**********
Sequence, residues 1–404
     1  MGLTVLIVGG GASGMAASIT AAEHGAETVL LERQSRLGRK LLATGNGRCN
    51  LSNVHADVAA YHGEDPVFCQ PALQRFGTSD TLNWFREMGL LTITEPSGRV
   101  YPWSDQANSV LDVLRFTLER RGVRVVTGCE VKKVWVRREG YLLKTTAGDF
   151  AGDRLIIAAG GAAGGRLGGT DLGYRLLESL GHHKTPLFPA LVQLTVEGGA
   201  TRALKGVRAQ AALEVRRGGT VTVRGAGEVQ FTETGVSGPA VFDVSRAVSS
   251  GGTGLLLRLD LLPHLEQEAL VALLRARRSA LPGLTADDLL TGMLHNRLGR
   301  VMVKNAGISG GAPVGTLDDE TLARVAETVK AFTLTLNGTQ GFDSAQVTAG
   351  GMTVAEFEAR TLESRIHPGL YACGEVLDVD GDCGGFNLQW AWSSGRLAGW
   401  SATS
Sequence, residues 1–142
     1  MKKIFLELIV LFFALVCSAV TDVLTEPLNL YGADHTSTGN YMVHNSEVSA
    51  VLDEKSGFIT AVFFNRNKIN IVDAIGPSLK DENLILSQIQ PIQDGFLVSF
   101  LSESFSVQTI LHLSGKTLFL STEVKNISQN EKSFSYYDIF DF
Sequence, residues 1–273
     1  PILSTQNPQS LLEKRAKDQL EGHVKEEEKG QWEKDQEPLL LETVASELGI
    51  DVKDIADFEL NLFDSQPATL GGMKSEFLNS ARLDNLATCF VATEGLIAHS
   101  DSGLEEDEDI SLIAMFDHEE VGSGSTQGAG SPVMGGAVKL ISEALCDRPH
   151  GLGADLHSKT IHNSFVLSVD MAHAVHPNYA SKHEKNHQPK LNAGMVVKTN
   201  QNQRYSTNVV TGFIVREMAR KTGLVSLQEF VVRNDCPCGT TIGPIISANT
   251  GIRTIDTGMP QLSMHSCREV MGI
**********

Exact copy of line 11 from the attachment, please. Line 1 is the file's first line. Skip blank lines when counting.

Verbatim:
Sequence, residues 1–142